Thank you for your rapid response to my initial comment on your blog. I am glad that you know first hand the differences in the two cultures (ie of academics and of practitioners). I agree completely that “bridging these two realities (which they are) is usually not an easy thing to do”. If there are to be any bridges it seems we have to be active bridge builders.

    I feel that, like you, I am sometimes in one culture and sometimes in the other, and at present my journeys between the two realities have to be made without a bridge. My connection is more like a ferry-boat between the two worlds. Maybe together we can find ways to make a bridge that is so visible and robust and well signposted that others (who cannot be tempted into the ferry-boats) will cross back and forth easily and often.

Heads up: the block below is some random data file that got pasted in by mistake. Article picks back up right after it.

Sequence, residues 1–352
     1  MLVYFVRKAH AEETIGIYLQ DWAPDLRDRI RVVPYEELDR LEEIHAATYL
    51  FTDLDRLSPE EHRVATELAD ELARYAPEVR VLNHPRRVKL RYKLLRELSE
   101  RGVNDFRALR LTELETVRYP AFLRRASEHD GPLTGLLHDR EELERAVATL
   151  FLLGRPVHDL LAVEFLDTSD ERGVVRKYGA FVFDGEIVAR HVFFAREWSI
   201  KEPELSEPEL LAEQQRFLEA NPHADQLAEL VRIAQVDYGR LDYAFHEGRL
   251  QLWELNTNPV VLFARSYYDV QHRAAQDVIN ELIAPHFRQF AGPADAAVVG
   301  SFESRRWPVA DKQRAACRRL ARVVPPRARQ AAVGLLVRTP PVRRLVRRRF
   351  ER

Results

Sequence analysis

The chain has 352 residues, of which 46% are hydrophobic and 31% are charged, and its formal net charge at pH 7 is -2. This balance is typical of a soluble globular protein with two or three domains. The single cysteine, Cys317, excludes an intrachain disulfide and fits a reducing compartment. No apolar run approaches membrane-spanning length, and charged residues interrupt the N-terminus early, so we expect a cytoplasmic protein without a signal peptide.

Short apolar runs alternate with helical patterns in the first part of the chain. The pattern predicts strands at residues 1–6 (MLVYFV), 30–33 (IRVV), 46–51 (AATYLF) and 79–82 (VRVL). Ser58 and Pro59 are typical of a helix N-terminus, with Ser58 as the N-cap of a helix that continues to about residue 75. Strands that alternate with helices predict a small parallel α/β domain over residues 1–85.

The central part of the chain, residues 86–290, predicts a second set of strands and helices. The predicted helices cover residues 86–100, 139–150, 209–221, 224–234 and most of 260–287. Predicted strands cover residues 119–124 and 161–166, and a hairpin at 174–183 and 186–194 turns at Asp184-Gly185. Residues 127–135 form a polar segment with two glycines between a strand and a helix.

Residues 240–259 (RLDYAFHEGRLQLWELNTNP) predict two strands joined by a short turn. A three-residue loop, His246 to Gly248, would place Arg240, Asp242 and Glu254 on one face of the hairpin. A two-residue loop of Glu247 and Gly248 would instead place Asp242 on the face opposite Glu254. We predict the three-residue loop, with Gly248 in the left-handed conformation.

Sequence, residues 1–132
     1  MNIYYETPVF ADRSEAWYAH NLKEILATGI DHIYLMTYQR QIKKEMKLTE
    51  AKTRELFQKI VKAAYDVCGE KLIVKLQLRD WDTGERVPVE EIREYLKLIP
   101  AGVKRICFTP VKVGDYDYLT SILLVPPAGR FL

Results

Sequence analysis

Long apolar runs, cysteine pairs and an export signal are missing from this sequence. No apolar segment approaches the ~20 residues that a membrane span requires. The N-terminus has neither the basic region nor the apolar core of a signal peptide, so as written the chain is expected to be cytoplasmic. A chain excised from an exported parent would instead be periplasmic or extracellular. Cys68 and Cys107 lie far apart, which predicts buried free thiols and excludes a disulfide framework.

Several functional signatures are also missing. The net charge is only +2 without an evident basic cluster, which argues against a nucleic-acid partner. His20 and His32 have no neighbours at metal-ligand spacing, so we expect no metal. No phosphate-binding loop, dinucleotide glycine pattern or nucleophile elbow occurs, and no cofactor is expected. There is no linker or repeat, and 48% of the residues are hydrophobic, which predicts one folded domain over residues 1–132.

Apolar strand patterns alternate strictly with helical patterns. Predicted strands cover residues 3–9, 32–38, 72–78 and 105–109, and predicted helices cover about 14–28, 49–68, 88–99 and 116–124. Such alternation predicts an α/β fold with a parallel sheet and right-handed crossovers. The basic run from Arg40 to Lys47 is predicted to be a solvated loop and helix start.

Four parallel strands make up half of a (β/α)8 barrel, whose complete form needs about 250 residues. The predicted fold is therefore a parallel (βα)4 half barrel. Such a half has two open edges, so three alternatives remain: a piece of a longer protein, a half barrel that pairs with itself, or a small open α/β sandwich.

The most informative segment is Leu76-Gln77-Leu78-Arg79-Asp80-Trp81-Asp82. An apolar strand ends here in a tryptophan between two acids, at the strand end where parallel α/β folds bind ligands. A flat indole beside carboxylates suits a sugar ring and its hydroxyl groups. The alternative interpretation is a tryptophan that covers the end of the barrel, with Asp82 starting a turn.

For now it seems it is a matter of travelling from one culture to the other and trying to raise mutual awareness through “making friends”. I feel that for now I am simply trying to bring gifts, and the gifts that I bring to academia are gifts of information. Sometimes I feel like a new ambassador who is bringing precious gifts to a superpower and is trying to find the right gift (and the right way to present it).

    I am looking for gifts that will best serve to interest/attract/intrigue/impress the superpower so that we will build a useful relataionship between the cultures. But most of the time it seems that I am an ambassador from some tiny “off the map” little country that the super-power in not interested in connecting with. It is hard to make the right meaningful connections.